CPI-M is a threat to democracy & India: Book
Usha Manohar in Kochi | PTI | March 27, 2009 | 12:31 IST
As the Lok Sabha poll campaign gathers steam in the Left-ruled Kerala, a top Church official has described the CPI-M as a 'threat' to democracy and warned that India will suffer the same fate as China under Mao Zedong.
'The Marxist party will use all kinds of tactics to strengthen itself in places where it is in power. That they will do throughout India once they get to power at the Centre, will be no different from Mao or Stalin,' says Cardinal Mar Varkey Vithayathil in his book Straight From Heart.
The influential Cardinal, known for his critical views even on the church establishment, says, 'The Marxist fundamentalism is a greater threat than the religious fundamentalism of the BJP. The Navy, the Army and the Air Force will come under their complete control. We can reasonably expect that what happened in China under Mao will happen in India under their rule.'
'Where is the logic of democracy if they are convinced atheists? But if they are atheists against their conscience and belief, then they are not true to themselves. Convinced atheists cannot be democratic. Democracy is based on respect for the individual and on the rule 'of the people, by the people, for the people,' Vithayathil, also the Major Archbishop of the Syro-Malabar Church, says.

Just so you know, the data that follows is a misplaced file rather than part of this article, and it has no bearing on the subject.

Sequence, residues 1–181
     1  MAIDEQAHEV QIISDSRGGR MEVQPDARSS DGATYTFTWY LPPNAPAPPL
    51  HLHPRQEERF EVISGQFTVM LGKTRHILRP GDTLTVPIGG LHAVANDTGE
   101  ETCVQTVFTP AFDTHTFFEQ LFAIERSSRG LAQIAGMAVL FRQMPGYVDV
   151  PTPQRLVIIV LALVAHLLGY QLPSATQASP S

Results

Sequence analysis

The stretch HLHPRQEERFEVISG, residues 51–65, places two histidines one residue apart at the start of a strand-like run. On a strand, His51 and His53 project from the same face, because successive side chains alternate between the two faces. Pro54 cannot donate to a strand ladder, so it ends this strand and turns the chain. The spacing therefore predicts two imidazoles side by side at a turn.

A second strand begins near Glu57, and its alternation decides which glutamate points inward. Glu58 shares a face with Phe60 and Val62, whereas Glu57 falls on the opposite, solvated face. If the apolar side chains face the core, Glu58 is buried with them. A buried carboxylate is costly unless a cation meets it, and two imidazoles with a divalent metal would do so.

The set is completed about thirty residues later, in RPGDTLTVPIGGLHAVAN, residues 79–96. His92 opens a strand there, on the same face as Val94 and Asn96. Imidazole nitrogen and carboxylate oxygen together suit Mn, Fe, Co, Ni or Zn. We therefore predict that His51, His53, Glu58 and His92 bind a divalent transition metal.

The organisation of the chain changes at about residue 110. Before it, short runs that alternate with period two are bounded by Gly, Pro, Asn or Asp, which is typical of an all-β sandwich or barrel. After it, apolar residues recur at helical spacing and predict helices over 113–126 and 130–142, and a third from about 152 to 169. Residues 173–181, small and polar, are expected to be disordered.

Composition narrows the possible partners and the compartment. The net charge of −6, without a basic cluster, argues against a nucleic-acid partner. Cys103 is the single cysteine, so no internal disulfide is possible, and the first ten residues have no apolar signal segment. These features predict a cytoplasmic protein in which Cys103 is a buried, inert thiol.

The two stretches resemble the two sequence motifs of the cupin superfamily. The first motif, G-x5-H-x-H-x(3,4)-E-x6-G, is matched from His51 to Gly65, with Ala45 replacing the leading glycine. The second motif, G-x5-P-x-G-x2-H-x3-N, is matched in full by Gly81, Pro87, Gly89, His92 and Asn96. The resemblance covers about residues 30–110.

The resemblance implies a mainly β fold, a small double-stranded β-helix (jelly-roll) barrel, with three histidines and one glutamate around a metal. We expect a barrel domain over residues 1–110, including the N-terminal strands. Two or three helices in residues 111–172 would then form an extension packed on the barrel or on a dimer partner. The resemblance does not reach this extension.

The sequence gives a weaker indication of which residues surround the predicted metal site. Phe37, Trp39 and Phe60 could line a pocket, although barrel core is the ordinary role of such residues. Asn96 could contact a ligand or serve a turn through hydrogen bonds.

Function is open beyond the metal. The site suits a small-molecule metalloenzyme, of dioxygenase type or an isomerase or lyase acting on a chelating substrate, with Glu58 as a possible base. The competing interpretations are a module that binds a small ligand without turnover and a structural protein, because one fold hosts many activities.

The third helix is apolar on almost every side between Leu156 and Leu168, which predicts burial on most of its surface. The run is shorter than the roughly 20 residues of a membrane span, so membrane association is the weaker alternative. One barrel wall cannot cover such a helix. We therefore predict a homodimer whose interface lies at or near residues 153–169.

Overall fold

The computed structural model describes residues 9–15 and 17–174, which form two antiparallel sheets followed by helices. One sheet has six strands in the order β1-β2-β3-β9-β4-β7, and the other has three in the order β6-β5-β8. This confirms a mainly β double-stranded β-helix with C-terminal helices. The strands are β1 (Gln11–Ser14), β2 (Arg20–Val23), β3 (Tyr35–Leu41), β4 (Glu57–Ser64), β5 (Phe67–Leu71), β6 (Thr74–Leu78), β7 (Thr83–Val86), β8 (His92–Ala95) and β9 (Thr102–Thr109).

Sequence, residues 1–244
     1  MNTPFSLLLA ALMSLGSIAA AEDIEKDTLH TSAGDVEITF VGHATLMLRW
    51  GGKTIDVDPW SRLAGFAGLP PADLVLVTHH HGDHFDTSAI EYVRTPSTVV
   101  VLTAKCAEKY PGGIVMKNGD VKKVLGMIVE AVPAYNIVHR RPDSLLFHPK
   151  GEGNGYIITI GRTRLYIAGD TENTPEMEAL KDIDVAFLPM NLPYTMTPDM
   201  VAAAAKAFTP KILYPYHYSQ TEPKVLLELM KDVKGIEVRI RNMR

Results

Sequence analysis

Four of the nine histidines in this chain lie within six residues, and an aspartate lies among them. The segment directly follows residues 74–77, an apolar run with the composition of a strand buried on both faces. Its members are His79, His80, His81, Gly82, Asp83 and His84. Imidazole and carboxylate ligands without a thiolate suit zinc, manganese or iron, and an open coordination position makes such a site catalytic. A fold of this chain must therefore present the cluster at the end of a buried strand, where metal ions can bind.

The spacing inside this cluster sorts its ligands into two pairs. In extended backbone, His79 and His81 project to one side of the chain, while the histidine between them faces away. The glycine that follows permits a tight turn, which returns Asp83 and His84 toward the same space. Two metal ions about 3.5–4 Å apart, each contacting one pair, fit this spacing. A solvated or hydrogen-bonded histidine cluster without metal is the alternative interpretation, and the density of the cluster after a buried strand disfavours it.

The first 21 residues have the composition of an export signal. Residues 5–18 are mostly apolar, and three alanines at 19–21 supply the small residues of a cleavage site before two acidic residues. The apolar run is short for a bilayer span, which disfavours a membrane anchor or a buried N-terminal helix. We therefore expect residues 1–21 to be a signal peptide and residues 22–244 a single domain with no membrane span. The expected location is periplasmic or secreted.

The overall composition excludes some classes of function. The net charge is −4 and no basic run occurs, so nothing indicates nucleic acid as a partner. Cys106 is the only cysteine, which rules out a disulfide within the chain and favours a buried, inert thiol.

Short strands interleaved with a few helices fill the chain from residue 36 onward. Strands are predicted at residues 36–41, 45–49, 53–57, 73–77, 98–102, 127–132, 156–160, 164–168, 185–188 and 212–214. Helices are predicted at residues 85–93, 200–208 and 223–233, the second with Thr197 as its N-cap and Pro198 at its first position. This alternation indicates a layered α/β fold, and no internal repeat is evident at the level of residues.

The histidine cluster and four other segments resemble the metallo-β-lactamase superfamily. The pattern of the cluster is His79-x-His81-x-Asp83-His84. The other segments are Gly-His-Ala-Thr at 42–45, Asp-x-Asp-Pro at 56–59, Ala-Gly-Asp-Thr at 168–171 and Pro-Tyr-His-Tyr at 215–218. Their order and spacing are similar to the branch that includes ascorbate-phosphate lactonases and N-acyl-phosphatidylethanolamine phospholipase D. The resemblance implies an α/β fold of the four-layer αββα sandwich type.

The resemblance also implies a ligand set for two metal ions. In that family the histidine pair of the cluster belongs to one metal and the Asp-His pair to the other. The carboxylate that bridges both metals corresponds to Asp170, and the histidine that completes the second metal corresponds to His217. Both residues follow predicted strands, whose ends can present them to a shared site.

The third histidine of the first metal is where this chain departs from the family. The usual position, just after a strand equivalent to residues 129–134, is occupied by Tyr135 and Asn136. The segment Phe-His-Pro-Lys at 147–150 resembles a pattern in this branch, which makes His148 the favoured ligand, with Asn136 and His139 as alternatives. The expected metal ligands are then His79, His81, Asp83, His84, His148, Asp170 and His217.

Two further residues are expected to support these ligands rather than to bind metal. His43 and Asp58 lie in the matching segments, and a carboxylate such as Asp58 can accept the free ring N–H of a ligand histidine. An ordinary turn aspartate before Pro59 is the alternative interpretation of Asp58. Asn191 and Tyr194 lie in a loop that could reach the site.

The first Communist government of Kerala, Vithayathil says, was dismissed because they took recourse to some Marxist techniques like rule by party cadre when they came to power.
'But even now, it is the party that rules in Kerala and not the government,' the Cardinal says.
Vithayathil, who is also the president of Catholic Bishops Conference of India, says he disagrees with Marxism, mainly on the issue of 'atheism' and their 'use of violence'.
'From my Catholic faith, I sometimes see Marxism as a chastisement allowed by God on the Church for not living what it preaches,' he says in the book.
Catholic Church has often come in conflict with CPI-M-led LDF government on different issues, including proposals of the state Law Reforms Panel on topics like legalisation of mercy killing, small family norm and formation of a body to manage church properties.
Praising the Congress and its allies, the book says, they have 'more respect' for an individual and his fundamental rights.
Putting his views on BJP, the Cardinal in the book says, 'The commendable thing about the party is that they want to preserve the good aspects of Indian culture like modesty of women and promoting certain moral values, for which they would opt for stricter media censorship. For them religion is very important and they support democracy and human rights.
'Besides protecting ancient culture and heritage of India, like Vedas, Upanishads and the great philosophical teachings to the six systems of Indian philosophy, BJP respects, preserves and promotes knowledge of Sanskrit and Ayurveda.'
The party is a 'great defender of our many achievements of the past', the book says.
However the saffron party, Vithayathil says, 'has forgotten that Catholics of the country also regard Indian culture, philosophy, literature and science as their heritage. The Catholic Church will certainly protect them just as it has responsibly protected and preserved Greek and Roman cultures.'